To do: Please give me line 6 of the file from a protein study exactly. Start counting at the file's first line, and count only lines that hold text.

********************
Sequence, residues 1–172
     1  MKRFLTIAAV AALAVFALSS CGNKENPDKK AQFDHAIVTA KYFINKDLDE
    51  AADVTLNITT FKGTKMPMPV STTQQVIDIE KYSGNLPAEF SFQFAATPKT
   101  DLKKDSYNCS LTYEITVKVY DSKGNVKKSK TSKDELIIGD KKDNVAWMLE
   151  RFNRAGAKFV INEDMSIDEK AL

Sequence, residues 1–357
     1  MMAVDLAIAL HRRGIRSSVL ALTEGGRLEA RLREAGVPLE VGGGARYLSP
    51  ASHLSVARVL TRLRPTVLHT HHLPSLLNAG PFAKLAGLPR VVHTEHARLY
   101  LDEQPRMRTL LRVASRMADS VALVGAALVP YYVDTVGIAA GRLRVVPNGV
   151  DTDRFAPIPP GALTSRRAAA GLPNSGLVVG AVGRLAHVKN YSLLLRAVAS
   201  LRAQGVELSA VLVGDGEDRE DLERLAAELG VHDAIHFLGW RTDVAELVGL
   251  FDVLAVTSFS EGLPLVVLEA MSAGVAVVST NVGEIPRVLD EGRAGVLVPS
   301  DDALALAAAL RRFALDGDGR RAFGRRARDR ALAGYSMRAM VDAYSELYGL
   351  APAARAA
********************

Sequence, residues 1–357